JDK-6939260 : (fs) BasicFileAttributes.lastModifiedTime() should return last modified time with higher precision
  • Type: Enhancement
  • Component: core-libs
  • Sub-Component: java.nio
  • Affected Version: 6u15
  • Priority: P4
  • Status: Closed
  • Resolution: Fixed
  • OS: linux_ubuntu
  • CPU: x86
  • Submitted: 2010-03-30
  • Updated: 2013-04-12
  • Resolved: 2013-01-18
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JDK 8
8 b75Fixed
Description
FULL PRODUCT VERSION :
java version "1.6.0_15"
Java(TM) SE Runtime Environment (build 1.6.0_15-b03)
Java HotSpot(TM) 64-Bit Server VM (build 14.1-b02, mixed mode)

ADDITIONAL OS VERSION INFORMATION :
Linux universe 2.6.31-20-generic #58-Ubuntu SMP Fri Mar 12 04:38:19 UTC 2010 x86_64 GNU/Linux


EXTRA RELEVANT SYSTEM CONFIGURATION :
ext4 hard disk partition


A DESCRIPTION OF THE PROBLEM :
incorrect precision of lastModified() of java.io.File on Ubuntu x64 Linux

According to https://ext4.wiki.kernel.org/index.php/Ext4_Howto#Inode-related_features

ext4 support time precision up to nanosecond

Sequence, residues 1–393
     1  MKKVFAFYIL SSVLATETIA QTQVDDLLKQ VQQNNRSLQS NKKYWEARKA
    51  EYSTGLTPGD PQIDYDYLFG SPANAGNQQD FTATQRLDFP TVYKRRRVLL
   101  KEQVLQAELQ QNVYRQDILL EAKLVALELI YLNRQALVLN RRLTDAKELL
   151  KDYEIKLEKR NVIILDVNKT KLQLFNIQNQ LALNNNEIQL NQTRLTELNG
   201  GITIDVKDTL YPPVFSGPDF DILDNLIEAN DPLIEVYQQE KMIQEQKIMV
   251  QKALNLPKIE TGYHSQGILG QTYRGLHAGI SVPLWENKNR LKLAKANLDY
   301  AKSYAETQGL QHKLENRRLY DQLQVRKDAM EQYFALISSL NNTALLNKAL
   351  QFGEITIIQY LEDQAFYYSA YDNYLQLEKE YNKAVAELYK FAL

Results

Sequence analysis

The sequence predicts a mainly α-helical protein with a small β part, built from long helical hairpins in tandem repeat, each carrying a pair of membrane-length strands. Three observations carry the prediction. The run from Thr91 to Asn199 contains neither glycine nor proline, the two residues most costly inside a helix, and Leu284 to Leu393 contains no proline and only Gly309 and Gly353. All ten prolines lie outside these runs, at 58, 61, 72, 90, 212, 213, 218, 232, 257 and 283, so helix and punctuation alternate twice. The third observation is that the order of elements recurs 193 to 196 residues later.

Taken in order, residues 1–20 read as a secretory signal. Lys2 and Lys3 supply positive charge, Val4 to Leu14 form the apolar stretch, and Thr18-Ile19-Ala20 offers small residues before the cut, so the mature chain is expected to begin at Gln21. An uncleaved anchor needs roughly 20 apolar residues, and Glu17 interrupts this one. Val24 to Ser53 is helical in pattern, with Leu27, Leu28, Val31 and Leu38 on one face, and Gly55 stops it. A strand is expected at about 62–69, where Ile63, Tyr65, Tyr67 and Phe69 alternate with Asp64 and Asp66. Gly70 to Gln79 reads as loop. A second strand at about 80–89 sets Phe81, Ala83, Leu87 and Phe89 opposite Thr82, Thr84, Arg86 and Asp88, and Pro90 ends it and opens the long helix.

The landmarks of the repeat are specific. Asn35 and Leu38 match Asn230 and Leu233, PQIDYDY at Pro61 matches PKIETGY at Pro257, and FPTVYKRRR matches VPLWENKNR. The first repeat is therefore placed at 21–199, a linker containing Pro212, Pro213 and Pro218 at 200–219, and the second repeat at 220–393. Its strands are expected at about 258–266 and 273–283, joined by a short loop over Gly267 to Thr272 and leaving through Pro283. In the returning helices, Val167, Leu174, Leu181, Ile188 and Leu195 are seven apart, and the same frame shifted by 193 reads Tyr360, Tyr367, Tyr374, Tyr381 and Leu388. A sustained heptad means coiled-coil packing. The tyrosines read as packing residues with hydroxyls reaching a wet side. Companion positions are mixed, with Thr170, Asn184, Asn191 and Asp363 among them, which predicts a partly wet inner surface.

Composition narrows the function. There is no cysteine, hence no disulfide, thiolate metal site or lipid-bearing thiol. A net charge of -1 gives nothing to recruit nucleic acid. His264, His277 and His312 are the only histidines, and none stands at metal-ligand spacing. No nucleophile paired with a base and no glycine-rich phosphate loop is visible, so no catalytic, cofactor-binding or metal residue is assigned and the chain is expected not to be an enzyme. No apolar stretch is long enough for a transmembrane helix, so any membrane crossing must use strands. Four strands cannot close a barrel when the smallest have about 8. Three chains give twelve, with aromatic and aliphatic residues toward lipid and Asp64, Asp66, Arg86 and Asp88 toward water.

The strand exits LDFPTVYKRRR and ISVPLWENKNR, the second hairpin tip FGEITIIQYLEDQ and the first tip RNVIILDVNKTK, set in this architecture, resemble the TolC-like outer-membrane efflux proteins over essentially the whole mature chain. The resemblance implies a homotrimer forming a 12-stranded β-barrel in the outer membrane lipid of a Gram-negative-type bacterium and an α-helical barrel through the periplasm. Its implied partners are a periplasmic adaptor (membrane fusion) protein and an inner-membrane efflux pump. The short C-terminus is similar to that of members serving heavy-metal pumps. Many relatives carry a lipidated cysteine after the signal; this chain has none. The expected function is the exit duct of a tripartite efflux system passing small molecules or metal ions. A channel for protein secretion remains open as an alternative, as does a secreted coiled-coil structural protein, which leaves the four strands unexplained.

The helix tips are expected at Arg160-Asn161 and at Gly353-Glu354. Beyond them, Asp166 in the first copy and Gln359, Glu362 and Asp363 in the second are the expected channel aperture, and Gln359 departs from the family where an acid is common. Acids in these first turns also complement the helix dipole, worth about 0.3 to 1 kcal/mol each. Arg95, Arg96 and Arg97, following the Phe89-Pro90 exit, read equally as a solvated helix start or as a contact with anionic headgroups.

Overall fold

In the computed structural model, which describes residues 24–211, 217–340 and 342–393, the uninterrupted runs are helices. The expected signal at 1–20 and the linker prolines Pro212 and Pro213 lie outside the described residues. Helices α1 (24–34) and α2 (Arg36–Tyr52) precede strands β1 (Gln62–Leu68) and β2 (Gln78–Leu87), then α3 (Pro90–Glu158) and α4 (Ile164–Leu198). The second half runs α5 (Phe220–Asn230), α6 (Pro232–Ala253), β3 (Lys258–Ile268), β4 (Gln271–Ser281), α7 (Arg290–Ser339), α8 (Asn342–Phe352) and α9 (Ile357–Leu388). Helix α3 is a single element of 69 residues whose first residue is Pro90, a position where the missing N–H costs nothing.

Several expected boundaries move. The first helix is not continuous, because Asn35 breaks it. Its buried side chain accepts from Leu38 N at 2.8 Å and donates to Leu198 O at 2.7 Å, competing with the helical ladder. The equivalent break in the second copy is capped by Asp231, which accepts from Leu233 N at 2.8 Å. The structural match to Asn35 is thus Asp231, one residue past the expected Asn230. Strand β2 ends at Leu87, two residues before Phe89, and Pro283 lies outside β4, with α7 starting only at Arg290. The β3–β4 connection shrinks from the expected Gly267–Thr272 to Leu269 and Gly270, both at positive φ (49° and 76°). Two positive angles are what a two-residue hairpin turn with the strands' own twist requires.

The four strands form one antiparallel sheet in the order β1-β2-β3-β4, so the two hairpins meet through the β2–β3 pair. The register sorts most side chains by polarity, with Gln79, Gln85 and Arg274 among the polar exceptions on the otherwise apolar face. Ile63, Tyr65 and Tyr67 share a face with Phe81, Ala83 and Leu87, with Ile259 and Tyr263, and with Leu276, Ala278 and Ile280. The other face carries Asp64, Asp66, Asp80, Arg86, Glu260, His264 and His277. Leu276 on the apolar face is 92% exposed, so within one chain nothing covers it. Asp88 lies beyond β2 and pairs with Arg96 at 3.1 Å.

According to http://java.sun.com/javase/6/docs/api/java/io/File.html#lastModified%28%29

the lastModified() function support resolution up to microsecond.

In fact, the function also return '000' at the end of number, which is inaccurate

STEPS TO FOLLOW TO REPRODUCE THE PROBLEM :
list a directory by the following shell command (will show the full timestamp)

ls -la --full-time /

write a simple java program to display the lastModified time of any file

EXPECTED VERSUS ACTUAL BEHAVIOR :
EXPECTED -
lastModified time up to microseconds should be shown
ACTUAL -
The end of the number is always 000, which is inaccurate

REPRODUCIBILITY :
This bug can be reproduced always.

---------- BEGIN SOURCE ----------
import java.io.*;

public class test {

    public static void main(String[] args) throws Throwable {
        String path="/etc/fstab";
        System.out.println("File: "+path+" , last modified: "+Long.toString(new java.io.File(path).lastModified()));
    }

}
---------- END SOURCE ----------

Comments
verified in b85
2013-04-12

I've moved this issue to java.nio because it is straight-forward to support in the new file system API (it's not possible to support this with java.io.File because it specifies that the last modified time is returned in milliseconds). In the new file system API then this just becomes an implementation change as the API already allow for the file times in any precision.
2012-10-25